The next great innovation was the internal structure of the LeCroy Digital Storage Oscilloscope (DSO). This instrument was somewhat more complex than earlier oscilloscopes, but the interface was quite user-friendly. The DSO is generally accompanied by the flat-screen display. The CRT is mostly obsolete except for a small number of educational units that are still sold. DSO and flat-screen technology make for a far more complex architecture in the modern oscilloscope. Semiconductor reliability and well-designed cooling eliminate most potential points of failure, but in the event of malfunction, even advanced electronics technicians generally send the units back to the factory for servicing.
Nevertheless, it is in the interest of technical professionals to examine the instrument’s internal electronics, particularly the signal flow, so as to understand processing and display functions. Most oscilloscopes are available in two- or four-channel models and occasionally more. Other than bandwidth, the number of channels is the foremost factor in determining cost.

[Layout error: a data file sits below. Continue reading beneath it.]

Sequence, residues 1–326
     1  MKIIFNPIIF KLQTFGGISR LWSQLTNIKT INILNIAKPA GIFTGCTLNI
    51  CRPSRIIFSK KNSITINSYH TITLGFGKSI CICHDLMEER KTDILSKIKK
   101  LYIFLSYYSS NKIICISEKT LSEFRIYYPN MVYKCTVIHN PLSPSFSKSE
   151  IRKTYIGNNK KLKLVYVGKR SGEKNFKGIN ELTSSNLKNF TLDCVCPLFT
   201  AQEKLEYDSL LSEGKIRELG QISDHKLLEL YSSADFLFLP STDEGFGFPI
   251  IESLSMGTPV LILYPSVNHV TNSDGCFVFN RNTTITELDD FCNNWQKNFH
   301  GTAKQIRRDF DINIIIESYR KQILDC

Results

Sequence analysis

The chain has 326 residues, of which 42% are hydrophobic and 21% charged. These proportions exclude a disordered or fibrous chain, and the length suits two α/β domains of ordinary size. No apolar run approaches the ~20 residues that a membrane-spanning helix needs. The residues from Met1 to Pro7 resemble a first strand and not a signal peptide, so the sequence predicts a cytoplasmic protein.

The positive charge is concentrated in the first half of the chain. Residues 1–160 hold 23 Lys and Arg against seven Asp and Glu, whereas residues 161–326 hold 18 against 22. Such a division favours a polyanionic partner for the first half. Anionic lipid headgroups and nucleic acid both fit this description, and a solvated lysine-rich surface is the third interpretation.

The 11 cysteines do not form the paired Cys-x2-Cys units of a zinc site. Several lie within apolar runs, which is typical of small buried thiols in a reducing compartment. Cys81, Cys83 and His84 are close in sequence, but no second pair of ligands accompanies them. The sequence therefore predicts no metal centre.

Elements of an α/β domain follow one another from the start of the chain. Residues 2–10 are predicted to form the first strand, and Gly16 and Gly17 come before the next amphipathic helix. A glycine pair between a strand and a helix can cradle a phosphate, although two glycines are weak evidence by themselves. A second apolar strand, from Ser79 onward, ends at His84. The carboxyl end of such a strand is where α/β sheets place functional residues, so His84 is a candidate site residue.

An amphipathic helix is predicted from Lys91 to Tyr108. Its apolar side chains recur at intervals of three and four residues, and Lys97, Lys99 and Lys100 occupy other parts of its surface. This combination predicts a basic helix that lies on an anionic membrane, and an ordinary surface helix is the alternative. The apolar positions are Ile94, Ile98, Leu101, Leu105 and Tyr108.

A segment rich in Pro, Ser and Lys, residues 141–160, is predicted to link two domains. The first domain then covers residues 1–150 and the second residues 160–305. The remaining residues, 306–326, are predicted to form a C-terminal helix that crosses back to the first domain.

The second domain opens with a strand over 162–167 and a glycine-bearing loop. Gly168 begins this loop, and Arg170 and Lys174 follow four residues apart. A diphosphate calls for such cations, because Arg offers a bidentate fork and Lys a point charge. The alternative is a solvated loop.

The analog channel inputs sit on the front panel or, in many hand-held battery-operated models, these ports are on the top. A widely-used type of input accepts the BNC cable, which can attach to an AFG output on the rear or front panel, or to another instrument. These inputs also accept the output cables from the many types of probes that are available, having specialized tips that facilitate signal extraction from circuit boards and all sorts of terminals. The probes have various attenuation factors such as 10:1, and this extends the instrument’s range and protects against overvoltage.